HPE's new ANZ channel chief talks COVID-19, GreenLake and bringing a partner approach to the vendor

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HPE's new ANZ channel chief talks COVID-19, GreenLake and bringing a partner approach to the vendor
Julie Barbieri (HPE)

HPE’s new local channel chief Julie Barbieri joined the global tech giant in early April and was immediately presented with a problem none of her predecessors had ever encountered, a global pandemic.

But this did not dissuade Barbieri, a pragmatist who has a history of confounding expectations. She started her career in IT as a break fix engineer, something Barbieri said was very different for women to do ‘way back then’.

From there she moved into a sales role first at Digital Equipment Corporation (which ultimately became HPE) and then at distributor Avnet. From there Barbieri moved to reseller Frontline Systems.

Once Frontline was acquired by NTT in 2011, Barbieri held senior management positions with her new employer and was ultimately tapped to run the integrator’s local technology solutions business.

For Barbieri, it was during her time at NTT when focused on the company’s sales strategy and partnerships, that the relationship with HPE began to blossom into what would later become one of the closest in the channel.

“The strongest partnership that we had whilst I was at the organisations was with HPE, they were one of [NTT’s] top performing partners,” Barbieri told CRN.

“[I am] very much familiar to HPE and the direction they have taken over the years.”

While at NTT, Barbieri was a member of HPE’s regional and global partner advisory boards and knows the importance of cohesive relationships with local solution providers.

Now five months into the role, she said a focus would be to help the channel ‘pivot’ from the ‘traditional resale of technology’ to providing and serving clients through partnerships, as a service offering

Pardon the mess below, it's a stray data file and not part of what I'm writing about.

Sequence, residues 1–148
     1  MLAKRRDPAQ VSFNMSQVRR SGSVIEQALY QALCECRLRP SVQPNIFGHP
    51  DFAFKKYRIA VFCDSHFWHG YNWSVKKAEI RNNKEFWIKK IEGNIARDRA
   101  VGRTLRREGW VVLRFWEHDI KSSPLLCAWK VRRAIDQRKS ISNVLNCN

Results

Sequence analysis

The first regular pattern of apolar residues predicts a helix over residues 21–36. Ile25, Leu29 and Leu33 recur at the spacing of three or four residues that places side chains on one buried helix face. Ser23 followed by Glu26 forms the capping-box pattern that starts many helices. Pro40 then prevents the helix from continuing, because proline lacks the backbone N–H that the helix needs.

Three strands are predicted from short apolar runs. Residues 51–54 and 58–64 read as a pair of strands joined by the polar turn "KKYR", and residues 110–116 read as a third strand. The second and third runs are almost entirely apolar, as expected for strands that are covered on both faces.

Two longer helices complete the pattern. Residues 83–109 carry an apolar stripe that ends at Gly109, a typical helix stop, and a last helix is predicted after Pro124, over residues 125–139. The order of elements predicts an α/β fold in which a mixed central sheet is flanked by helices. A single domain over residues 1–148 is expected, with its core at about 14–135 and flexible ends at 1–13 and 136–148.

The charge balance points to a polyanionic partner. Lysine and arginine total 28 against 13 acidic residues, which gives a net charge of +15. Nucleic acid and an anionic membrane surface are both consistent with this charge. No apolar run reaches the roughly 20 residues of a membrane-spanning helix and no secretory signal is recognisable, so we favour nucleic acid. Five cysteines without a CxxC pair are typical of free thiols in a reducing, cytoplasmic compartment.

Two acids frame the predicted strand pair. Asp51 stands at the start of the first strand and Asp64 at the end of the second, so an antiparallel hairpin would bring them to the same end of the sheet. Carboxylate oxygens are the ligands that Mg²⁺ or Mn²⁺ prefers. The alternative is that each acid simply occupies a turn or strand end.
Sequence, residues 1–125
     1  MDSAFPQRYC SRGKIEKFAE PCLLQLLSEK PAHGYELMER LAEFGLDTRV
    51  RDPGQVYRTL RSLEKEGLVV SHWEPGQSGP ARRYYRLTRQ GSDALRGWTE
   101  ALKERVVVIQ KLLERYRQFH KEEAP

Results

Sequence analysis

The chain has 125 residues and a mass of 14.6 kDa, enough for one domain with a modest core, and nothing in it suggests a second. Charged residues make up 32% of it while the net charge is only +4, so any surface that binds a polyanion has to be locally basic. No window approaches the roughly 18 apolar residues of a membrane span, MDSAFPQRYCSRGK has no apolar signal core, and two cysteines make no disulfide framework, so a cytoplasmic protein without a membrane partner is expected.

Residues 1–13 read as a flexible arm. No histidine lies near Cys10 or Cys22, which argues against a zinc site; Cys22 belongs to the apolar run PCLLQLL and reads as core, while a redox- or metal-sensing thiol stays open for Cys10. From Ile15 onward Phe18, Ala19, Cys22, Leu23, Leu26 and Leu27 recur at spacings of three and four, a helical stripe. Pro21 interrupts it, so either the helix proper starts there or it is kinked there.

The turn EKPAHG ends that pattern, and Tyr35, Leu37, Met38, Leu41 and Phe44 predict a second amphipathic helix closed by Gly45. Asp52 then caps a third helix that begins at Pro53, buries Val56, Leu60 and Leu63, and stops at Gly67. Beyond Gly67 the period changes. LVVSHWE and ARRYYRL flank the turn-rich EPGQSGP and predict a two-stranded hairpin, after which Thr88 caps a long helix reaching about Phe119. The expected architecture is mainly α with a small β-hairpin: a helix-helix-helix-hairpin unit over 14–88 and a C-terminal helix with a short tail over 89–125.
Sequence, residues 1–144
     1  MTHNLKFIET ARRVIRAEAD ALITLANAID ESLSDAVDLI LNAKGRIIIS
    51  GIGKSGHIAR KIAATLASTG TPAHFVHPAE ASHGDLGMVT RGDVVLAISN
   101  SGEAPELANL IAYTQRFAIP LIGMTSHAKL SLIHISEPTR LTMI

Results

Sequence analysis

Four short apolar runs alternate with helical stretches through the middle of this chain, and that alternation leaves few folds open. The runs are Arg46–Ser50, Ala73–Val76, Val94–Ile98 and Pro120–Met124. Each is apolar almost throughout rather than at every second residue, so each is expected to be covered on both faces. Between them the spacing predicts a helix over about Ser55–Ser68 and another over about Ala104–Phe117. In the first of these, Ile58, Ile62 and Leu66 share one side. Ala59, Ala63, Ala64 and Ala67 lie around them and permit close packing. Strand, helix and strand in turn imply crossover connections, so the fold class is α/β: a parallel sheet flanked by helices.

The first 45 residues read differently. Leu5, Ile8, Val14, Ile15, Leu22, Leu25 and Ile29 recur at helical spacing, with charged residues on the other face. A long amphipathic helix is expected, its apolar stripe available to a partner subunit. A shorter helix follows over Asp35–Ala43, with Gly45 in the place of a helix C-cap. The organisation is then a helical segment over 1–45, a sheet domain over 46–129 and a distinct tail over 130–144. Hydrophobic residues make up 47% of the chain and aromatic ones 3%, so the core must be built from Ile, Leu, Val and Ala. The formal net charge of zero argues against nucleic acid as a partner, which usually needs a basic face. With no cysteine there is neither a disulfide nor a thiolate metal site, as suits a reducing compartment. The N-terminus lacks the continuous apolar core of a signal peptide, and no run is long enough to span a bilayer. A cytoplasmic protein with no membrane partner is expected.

“That's the direction for HPE, we have pivoted and Antonio [Neri] has made it clear that is where we are heading.”

Changing face of partner engagement - No more boozy lunches?

One of the biggest challenges Barbieri has had to face is partner engagement. “Since I joined the organisation, we have had our first virtual partner meeting,” she explained.

“Usually, they have been face to face and have happened twice a year, one mid-year and one at the end of the Vendor’s financial year.”

“And so typically the one at the end of the year has been a couple of days locked away with partner principals where there's been a lot of messaging and feedback given in those sessions. But because of the situation we're all in today, we decided to pivot to a virtual session, but we splitted out over three mornings.

“I really thought about some of the commentary that the partners had made in previous partner principal conferences that I've been to, and didn't want to make it about, you know, lots of productised offerings or anything like that.

“We spent some time working with partners around the importance of digital marketing and what that might look like. We had our marketing director [Jorge Villalpando] provide that information and at the time we thought it was quite relevant to what everybody was experiencing.”